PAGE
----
Suppose for a compact topological space(if you want, we can assume Hausdorff) $X$, $X$ is a disjoint union of compact subsets,that is $X=\bigcup_{i\in I} X_i$ such that $X_i\cap X_j=\emptyset$ for $i\neq j$ and $X_i$ is compact for any $i\in I$. For convenience, call it a compact disjoint cover. Is it true that we can find a finite subcover of $X$ for any compact disjoint cover?

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    $\begingroup$ So $[0,1]=\bigcup_{x\in [0,1]} \{x\}$ would be a compact disjoint cover, and it obviously doesn't have a finite subcover. Is this really what you mean? $\endgroup$ – Florian Sep 18 '11 at 19:35

As mentioned by Florian this is clearly not true. However we can say a bit more.

Suppose $X=\bigcup_{i\in I}X_i$ is a disjoint union of compact spaces, then $X$ is compact if and only if $I$ is finite.

Suppose $I$ is finite, take a $\mathcal U$ to be a cover of $X$, then you can consider $\mathcal U_i=\{U\cap X_i\mid U\in\mathcal U\}$ as a cover for $X_i$. Each $\mathcal U_i$ admits a finite subcover for $X_i$ and the union of the finite subcovers is finite, since $I$ is finite, and covers $X$.

Now suppose that $X$ is not compact, take $\mathcal U$ which is a covering without any finite subcover, and consider as above $\mathcal U_i$ as a covering of $X_i$ induced by $\mathcal U$. Since we have a finite subcover $\mathcal V_i\subseteq\mathcal U_i$, and $\mathcal V=\bigcup_{i\in I}\mathcal V_i$ is a cover of $X$ which is a subcover of $\mathcal U$ we have that $\mathcal V$ is infinite, therefore $I$ is infinite.

Now, if you require that the elements of the cover will be compact subsets then you have that $X$ has a finite subcover for any compact cover if and only if $X$ is finite.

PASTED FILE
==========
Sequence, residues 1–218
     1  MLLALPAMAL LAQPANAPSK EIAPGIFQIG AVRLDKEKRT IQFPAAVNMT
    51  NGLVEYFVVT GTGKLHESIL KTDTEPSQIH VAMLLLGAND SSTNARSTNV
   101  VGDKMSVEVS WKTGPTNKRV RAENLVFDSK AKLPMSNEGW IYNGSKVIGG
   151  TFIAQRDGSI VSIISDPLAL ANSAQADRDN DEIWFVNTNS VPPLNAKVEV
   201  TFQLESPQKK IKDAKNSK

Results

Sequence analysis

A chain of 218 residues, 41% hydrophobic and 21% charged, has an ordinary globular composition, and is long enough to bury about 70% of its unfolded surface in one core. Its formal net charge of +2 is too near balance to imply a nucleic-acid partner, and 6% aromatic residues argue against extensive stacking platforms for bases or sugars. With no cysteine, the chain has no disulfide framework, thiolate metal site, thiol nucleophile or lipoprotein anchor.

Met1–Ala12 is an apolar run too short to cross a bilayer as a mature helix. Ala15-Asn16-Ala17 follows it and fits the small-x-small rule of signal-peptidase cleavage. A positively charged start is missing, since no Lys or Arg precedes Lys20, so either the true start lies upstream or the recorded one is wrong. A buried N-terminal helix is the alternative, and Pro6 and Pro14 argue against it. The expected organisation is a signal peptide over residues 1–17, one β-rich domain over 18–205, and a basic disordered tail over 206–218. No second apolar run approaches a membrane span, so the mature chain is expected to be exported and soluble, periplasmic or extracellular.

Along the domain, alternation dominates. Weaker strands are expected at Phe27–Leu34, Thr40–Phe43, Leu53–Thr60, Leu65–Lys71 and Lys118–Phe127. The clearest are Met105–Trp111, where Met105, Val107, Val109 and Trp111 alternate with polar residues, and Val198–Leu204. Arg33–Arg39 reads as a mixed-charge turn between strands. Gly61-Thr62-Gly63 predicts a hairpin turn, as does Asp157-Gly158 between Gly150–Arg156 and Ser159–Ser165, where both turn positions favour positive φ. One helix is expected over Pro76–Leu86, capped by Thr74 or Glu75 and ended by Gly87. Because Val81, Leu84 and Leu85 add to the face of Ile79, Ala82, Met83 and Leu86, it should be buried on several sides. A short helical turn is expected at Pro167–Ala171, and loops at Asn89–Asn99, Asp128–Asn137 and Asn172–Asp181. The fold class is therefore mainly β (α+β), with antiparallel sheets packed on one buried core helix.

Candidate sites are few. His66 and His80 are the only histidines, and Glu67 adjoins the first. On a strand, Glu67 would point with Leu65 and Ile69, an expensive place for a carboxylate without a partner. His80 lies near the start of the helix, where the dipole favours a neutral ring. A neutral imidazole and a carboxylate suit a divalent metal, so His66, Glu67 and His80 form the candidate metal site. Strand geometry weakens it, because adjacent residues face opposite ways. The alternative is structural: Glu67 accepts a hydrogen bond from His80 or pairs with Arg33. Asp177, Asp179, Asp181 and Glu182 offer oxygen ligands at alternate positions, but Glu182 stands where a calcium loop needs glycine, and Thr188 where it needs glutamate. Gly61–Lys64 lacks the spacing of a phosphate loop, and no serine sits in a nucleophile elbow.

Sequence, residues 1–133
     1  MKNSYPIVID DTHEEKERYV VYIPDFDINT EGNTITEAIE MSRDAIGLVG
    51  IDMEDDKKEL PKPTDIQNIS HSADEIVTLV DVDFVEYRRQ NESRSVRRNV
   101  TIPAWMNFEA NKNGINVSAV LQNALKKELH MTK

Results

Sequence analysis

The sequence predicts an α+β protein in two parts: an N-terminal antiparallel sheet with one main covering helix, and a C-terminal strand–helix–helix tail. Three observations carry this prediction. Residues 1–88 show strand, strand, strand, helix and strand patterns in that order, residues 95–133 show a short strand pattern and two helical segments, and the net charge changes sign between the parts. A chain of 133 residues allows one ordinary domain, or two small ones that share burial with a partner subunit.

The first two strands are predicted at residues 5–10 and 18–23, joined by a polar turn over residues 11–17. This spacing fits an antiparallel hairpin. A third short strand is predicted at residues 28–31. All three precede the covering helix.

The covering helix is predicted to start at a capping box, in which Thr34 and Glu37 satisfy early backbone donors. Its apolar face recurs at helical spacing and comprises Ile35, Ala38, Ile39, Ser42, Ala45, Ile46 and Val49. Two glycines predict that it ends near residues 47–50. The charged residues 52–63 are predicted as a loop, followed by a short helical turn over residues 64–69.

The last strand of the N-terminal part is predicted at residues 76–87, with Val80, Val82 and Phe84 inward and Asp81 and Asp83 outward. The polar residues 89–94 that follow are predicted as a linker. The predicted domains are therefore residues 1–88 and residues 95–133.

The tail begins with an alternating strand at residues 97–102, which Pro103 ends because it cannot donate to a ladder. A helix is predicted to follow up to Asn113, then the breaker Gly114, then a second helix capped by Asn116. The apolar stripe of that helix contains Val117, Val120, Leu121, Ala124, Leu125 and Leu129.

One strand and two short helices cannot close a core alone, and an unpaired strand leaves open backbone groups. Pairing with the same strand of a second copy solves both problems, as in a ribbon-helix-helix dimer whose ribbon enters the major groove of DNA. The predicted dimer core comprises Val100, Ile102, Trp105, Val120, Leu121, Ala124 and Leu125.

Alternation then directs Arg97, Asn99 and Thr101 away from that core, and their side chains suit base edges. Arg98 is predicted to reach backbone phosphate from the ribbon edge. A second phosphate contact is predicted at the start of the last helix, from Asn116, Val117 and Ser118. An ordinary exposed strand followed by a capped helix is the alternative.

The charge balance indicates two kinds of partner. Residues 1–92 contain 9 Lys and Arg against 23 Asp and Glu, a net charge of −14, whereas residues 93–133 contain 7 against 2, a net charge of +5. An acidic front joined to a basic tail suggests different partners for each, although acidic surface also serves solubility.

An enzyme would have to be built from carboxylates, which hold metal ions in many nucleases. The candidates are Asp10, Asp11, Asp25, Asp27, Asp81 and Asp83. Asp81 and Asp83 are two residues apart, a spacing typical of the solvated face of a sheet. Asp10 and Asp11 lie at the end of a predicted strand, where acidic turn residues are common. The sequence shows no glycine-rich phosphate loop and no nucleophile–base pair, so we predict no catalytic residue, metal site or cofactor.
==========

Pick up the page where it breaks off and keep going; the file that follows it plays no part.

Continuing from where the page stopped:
The proof is quite simple, if $X$ is finite then it is compact since there are only finitely sets to begin with and every cover is finite.

If $X$ is such that every disjoint compact cover has a finite subcover then take the cover by singletons, it is a disjoint compact cover and it cannot be refined at all. By the assumption on $X$ this is a finite cover, therefore $X$ is a finite union of singletons, thus finite itself.

  • $\begingroup$ Thanks to both of you. Can we define a continuous (complex valued) function $f$ on $X$ such that $f$ on $X_i$ is constant? $\endgroup$ – user16283 Sep 18 '11 at 20:36
  • $\begingroup$ @user16283: (1) This is a whole different question. (2) If you fix the partition $X_i$ then it is possible, of course you can take $x\mapsto 0$. For a less degenerated form, I would have to check the details. However there is a concept of perfect map, which is a map $f\colon X\to Y$ such that for every $y$, $f^{-1}[\{y\}]$ is a compact subset of $X$. So I see no reason why this should not be possible. $\endgroup$ – Asaf Karagila Sep 18 '11 at 20:40

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